How Are Pubic Lice Diagnosed?

Scientifically known as Phthirus pubis, the diagnosis of pubic lice is accomplished in several ways. The most common ways of identification involve actually seeing the presence of lice or lice eggs. In order to make this identification, it is necessary to first know the common characteristics of lice, particularly how to identify a louse.

Pubic Lice: What do They Look Like?

Pubic lice develop in three stages, all of which can be detected visually. Lice look differently throughout these three stages. The three stages include the nit, nymph, and adult.

Stage 1 - The Nit

The nit is actually the pubic lice egg. Often, these eggs can be very small and difficult to see, but are typically found attached firmly to the shaft of hair. The nits are typically oval in shape with a color that varies from a light yellow to white. The egg requires approximately one week before hatching into the second nymph stage.

Stage 2 - The Nymph

The nymph closely resembles the adult louse, but is slightly smaller in size. The nymph requires approximately one week for maturation into the adult louse. The nymph must feed on blood for survival and growth to the adult stage.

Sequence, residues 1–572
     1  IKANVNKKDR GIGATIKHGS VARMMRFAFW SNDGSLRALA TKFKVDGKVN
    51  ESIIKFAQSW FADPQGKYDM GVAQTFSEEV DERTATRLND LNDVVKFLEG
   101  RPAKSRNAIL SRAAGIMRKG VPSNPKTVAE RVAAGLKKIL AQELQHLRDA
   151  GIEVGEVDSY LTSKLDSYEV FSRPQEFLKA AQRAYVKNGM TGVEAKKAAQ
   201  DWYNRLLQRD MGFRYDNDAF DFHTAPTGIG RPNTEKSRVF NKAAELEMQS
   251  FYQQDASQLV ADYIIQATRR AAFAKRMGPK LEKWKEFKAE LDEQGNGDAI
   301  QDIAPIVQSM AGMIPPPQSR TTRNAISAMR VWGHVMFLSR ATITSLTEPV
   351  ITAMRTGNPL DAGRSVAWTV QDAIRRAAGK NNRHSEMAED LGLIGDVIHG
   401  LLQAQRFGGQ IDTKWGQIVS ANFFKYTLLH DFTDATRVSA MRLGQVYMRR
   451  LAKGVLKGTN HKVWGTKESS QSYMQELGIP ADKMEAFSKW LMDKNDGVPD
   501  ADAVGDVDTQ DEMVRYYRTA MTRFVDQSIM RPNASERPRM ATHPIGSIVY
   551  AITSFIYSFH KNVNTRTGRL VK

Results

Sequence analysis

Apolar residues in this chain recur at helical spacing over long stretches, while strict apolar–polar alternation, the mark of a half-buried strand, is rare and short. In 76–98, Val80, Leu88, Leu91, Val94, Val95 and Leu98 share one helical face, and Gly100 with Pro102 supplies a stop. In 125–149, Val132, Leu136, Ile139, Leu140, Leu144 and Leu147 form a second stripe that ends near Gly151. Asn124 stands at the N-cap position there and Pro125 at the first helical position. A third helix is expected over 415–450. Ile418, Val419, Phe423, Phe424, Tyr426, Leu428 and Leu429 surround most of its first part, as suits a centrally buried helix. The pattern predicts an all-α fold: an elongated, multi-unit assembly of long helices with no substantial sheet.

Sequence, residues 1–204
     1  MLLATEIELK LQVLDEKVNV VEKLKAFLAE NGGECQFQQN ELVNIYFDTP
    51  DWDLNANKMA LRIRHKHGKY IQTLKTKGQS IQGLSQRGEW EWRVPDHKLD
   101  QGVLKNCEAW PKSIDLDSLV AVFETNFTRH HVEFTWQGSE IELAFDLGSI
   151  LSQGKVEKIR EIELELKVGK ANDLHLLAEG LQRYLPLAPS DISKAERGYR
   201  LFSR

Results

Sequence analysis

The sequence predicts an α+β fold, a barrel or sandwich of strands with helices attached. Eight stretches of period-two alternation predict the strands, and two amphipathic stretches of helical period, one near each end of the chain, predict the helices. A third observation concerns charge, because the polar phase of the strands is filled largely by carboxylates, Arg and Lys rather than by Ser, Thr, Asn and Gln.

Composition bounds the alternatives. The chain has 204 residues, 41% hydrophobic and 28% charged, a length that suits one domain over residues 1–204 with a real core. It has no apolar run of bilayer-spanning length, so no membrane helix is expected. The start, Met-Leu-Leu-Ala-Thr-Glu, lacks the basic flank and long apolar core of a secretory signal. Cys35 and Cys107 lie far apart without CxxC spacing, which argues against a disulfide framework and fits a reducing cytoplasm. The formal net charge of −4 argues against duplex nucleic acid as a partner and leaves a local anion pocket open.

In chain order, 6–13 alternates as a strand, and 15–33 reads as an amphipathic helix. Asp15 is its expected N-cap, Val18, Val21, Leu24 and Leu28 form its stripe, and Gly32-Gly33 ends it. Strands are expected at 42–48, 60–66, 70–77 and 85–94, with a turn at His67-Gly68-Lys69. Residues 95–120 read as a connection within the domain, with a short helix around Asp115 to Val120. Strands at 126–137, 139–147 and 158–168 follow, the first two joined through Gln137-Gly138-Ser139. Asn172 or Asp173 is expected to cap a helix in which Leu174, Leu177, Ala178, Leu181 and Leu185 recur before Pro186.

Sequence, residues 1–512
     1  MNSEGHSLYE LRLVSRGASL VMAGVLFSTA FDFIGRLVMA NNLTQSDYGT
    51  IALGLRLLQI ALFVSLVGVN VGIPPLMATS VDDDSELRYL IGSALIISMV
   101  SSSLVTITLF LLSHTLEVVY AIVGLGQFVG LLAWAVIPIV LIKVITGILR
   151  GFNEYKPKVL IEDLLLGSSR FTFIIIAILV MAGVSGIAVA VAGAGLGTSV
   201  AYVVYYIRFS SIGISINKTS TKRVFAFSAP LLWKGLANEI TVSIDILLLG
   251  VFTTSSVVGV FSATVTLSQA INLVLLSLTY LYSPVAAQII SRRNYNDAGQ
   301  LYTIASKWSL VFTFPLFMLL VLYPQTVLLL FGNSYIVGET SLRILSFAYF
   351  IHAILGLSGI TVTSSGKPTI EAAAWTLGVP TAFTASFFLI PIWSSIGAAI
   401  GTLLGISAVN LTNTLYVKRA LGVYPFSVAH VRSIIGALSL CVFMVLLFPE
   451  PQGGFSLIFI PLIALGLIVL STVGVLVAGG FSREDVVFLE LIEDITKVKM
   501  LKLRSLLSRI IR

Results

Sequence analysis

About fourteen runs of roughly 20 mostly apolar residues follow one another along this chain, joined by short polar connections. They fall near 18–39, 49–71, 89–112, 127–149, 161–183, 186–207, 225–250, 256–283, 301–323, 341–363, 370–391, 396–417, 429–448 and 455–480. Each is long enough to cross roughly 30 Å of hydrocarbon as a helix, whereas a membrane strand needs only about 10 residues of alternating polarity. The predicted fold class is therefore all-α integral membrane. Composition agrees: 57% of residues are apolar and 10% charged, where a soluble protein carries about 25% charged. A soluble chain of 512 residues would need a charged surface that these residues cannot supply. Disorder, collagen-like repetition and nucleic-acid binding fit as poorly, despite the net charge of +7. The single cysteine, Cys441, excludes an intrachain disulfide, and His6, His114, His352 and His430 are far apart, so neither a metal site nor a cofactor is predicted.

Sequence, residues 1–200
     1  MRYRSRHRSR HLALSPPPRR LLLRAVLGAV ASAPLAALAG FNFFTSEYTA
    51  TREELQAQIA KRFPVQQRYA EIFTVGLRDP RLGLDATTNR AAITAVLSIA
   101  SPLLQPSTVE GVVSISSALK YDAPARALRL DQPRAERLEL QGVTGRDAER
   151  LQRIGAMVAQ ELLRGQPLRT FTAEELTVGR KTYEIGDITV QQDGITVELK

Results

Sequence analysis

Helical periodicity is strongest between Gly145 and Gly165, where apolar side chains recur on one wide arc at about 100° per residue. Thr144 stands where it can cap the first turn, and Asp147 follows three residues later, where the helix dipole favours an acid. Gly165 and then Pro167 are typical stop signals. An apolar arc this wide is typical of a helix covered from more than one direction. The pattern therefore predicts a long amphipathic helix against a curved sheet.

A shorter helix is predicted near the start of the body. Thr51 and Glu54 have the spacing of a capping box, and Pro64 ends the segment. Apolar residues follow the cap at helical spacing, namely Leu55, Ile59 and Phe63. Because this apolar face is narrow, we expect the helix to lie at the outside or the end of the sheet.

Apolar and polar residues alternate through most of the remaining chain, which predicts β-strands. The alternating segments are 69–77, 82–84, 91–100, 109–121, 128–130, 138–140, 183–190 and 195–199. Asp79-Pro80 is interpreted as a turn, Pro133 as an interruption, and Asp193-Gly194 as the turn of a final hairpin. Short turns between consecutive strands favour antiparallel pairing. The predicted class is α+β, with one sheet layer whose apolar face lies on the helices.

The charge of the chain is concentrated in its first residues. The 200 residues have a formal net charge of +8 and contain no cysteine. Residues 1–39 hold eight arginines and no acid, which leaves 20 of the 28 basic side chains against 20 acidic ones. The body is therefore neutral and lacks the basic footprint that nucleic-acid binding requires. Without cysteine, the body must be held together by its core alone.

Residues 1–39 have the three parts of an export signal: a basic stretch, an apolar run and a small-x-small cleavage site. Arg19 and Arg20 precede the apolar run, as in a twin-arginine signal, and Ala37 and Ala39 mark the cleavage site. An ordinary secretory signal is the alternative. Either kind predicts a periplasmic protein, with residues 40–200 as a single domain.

Stage 3 - The Adult

The adult pubic lice are grayish-white to tan in color. Adult lice are commonly known as "crabs." This is due to the fact that upon examination through a magnifying glass, the adult pubic louse closely resembles a crab. The adult louse is particularly small, approximately 1 millimeter in diameter, and has six legs, with the front pair of legs closely resembling the claws of a crab. The adult must also feed on blood for survival.

Pubic Lice: Signs and Symptoms

The predominant way that pubic lice are diagnosed is by visually identifying the louse. Lice can be located on the body, the scalp, in clothing, and in areas where body hair is present. Another way is by noticing the presence of lice eggs. However, lice can move quickly, and are known to avoid light. Lice eggs are commonly called nits, and are typically laid on hair shafts. Lice feed on blood, and hence, the presence of small genital lesions may become present. The presence of pubic lice is also accompanied with an intense itching in the genital area. It is commonly noted that this itching worsens at night. This itching commonly causes the opening of smaller lesions and scratches, which can increase the possibility of secondary infections.

Pubic Lice: Prognosis

There exist a wide variety of treatments for a pubic lice infestation. Typically, adequate treatment including the cleaning of all environmental areas (particularly clothing, bedding, towels, etc.) should be enough to eradicate a lice infestation. It is important to seek treatment of pubic lice. If the infestation remains untreated, the possibility for more serious secondary infections is possible. Take time to educate yourself about treatment options, and be sure to discuss any and all questions you may have with your physician.


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